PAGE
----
The other coyote wolf interaction had a much different tone. These three coyotes, including one pregnant female, meant business. They dispatched three individual Druid yearlings and sent them packing! There was nothing half-hearted about it; the coyotes had malice in their hearts and the wolves ran for their lives to the safety of the forest on Dead Puppy Hill in the Soda Butte valley. Two of the coyotes actually made contact with the fleeing wolves—it was unbelievable how fast those coyotes could run!

The final big surprise of the week happened right back in Mammoth in the same place I had unexpectedly seen the Haydens on my first morning. Driving east toward the high bridge at first light, I noticed elk on alert and scanned quickly for the white wolf and her gray pack. Instead, I couldn’t believe my eyes when I saw what was, beyond a shadow of a doubt, two black (black!) wolves lying on the hillside! They wandered up to the ridge where a gray wolf materialized right in my scope’s field of view. As they moved off through a clearing, I couldn’t be sure if another two blacks followed or if they were the original two blacks who had circled back. I was so surprised because the only packs I thought might be in the area were the Haydens or the old Swan Lake pack, and I knew that they were all gray. It turns out that an unidentified pack of four blacks and two grays has been seen several times in the Mammoth area this winter, but no one knows who they are.

Spring is definitely in the air in Yellowstone. At times the inch long green grass makes the hills look like Ireland, but, in a certain light, last year’s pale yellow grasses and the still leafless aspens remind you that fall and winter aren’t long past.

The animals certainly tell you that spring has sprung, however…a cinnamon black bear who looked like he wasn’t quite sure why he had woken up; a grizzly casting to and fro in Lamar Valley in search of a winter killed carcass; 21 pronghorn all in a line in Little America topping a ridge with their white rears flashing in the sun; flocks of mountain bluebirds rising in an excited whorl; a male peregrine falcon calling out for a mate from a spire in the Yellowstone River below Tower; a trumpeter swan checking out Floating Island Lake for a nesting site; a red fox pouncing on voles; those crazy Uinta ground squirrels scurrying (half way!) across the road; the first bison calves; bull elk with just nubs for antlers; the faster than a speeding bullet black Oxbow yearling (with the goofy looking, straight up rabbit ears!) in hot pursuit of an elk.

But, the sight that really said “It’s spring!” was a black Druid yearling who looked like a teenager out for a joy ride. He literally hopped, skipped and jumped his crazy zigzag way west through Lamar Valley, leaping at ravens, balancing on logs, and just plain enjoying life to the hilt.

Springtime, Druids in Lamar, the next generation of wolf pups in the dens, wolves in the wild…ain’t life grand!

 
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About The Author

Ralph Maughan

Dr. Ralph Maughan is professor emeritus of political science at Idaho State University with specialties in natural resource politics, public opinion, interest groups, political parties, voting and elections. Aside from academic publications, he is author or co-author of three hiking/backpacking guides, and he is President of the Western Watersheds Project.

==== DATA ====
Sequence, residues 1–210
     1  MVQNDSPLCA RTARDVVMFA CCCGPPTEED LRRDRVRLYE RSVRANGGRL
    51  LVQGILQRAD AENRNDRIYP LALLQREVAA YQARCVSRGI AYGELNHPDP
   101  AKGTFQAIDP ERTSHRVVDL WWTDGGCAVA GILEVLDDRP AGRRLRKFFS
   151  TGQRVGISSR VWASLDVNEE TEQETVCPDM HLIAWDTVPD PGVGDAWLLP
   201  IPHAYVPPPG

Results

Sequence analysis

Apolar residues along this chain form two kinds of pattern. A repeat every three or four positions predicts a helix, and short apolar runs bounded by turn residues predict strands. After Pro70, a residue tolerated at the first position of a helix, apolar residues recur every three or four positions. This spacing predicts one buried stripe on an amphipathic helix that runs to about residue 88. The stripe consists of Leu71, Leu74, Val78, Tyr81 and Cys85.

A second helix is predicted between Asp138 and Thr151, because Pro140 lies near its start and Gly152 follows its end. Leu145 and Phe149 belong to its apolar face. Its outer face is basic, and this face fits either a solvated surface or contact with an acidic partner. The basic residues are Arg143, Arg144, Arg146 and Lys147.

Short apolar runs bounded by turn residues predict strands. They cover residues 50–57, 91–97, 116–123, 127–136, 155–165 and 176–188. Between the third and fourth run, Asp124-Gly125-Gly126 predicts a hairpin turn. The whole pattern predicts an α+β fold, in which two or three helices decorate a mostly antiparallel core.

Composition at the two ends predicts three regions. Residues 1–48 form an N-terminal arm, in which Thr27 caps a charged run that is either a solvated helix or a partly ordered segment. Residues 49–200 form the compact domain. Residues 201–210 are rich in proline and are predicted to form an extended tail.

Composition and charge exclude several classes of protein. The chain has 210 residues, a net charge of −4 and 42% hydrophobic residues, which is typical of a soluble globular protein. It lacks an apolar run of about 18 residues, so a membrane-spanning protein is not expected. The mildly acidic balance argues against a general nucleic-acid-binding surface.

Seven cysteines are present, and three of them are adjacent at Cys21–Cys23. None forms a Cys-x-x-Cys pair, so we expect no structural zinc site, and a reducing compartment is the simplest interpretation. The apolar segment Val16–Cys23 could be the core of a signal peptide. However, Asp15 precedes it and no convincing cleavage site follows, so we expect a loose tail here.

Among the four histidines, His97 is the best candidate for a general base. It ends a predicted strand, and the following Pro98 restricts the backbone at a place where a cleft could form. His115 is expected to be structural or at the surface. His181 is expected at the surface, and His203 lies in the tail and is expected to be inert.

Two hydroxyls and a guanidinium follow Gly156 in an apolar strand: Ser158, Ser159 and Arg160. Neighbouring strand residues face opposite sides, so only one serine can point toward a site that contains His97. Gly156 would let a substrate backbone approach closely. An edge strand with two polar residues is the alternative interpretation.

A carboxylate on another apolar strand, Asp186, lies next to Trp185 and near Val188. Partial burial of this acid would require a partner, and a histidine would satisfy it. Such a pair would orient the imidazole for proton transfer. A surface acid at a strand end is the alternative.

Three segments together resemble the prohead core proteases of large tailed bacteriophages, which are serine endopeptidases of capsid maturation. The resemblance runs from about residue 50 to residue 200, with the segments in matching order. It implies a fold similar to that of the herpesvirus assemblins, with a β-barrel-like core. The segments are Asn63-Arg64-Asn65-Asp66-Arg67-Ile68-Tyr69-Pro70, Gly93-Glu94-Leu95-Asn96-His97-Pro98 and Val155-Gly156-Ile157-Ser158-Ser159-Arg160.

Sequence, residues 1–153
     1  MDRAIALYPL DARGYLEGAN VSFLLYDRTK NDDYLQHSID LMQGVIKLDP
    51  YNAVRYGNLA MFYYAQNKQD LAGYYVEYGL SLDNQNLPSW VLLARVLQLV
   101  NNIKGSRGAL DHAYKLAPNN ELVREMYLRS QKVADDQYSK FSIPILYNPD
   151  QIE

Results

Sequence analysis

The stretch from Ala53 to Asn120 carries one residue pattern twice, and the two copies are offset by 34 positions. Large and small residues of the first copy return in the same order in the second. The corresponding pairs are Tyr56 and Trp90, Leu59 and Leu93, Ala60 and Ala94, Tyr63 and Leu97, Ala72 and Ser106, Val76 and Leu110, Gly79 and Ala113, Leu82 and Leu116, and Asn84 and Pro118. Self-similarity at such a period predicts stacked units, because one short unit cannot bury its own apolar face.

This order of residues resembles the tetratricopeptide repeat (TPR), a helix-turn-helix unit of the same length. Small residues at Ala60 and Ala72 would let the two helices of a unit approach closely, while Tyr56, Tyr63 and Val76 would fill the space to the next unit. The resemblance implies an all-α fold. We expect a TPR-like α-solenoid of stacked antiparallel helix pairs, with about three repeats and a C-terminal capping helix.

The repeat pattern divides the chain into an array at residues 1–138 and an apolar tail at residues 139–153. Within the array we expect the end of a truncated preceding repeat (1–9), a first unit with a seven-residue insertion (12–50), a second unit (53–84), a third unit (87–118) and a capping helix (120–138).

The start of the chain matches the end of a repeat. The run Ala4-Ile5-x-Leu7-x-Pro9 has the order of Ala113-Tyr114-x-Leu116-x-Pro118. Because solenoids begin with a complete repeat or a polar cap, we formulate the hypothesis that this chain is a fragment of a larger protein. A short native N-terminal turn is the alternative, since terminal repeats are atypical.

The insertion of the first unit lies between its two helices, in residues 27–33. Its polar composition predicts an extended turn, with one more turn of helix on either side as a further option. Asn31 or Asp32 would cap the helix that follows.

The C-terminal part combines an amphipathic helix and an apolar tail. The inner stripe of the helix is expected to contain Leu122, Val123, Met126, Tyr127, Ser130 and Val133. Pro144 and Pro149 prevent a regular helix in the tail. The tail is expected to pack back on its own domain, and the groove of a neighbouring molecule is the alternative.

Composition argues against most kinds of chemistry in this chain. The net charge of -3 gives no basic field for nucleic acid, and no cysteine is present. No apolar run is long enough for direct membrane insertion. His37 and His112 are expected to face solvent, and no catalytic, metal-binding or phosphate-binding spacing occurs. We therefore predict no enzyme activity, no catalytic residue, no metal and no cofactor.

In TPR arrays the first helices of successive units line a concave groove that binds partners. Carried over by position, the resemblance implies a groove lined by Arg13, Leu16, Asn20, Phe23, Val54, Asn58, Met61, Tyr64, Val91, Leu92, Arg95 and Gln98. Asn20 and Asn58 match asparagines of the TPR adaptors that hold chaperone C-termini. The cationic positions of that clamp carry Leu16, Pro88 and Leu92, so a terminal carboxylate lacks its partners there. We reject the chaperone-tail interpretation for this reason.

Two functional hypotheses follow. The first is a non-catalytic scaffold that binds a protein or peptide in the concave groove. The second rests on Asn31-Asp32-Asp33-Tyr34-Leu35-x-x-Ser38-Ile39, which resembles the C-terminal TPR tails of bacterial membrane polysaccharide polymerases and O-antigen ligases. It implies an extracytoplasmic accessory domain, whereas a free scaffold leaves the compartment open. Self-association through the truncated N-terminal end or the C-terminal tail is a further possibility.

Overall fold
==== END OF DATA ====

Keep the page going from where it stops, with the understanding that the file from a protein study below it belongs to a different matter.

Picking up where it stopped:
16 Responses to Kathie Lynch's detailed report on Yellowstone northern range happenings, April 7-15, 2007

  1. avatar Jo Middleton says:

    Kathy- what a joy to read your reports ! Thank you so very much for endless hours of watching and reporting for us..
    I feel like I am there with you and the wolves of Yellowstone. Again thank you for all you do..

  2. avatar Lynn says:

    LOVE to read your reports. Wish I were there, but you make me feel like I am. If I just close my eyes……….:>)

    I second Jo’s “Thank you” for the wonderful written reports.

  3. avatar Jan says:

    Thanks so much, Kathie! My “sweetie” (302M) has made it through another winter! I love reading your reports about all the Yellowstone wolves– wish I could be there!

  4. avatar Dan says:

    Are the Druids denning the same place they did last year?

  5. avatar Michael Williams says:

    I thank you Kathie. I am a public school teacher in CA and am so envious that you get to go back to YNP so often. I do look forward to your reports. I’m on my way to Yellowstone
    May 5th/June 1st. Fortunately this will be the third summer in a row I’ve been able to spend 30+ days in YNP.
    Again, Thanks, Michael

  6. avatar Dave Collins says:

    Kathie,
    Excellent reporting as usual. Thank you for all of your watching and reporting.

  7. avatar Keith Chamberlain says:

    Hayden Valley pack in Mammoth area:
    I was very interested to read your account of the white wolves in the Mammoth area. On the evening of April 7th my wife and I were returning from a day in the park when we came upon a car jam at the east end of the high bridge. Though we missed most of the action, three white wolves were still visible on the slopes above Glen Creek(?). According to folks who had arrived a few minutes earlier, they’d had a cow elk backed up against the top of a precipice above the creek bottom for several minutes. One woman had digital photos of the action. When the cow refused to bolt and they couldn’t get behind her the trio finally gave it up. The last we saw of them were three sets of creamy-white ears disappearing into the brush.
    A few nights later we were awakened in our modular in the YCC camp by a wolf’s howls that seemed so close that we got up and looked out the windows, half expecting to see a wolf under the eaves.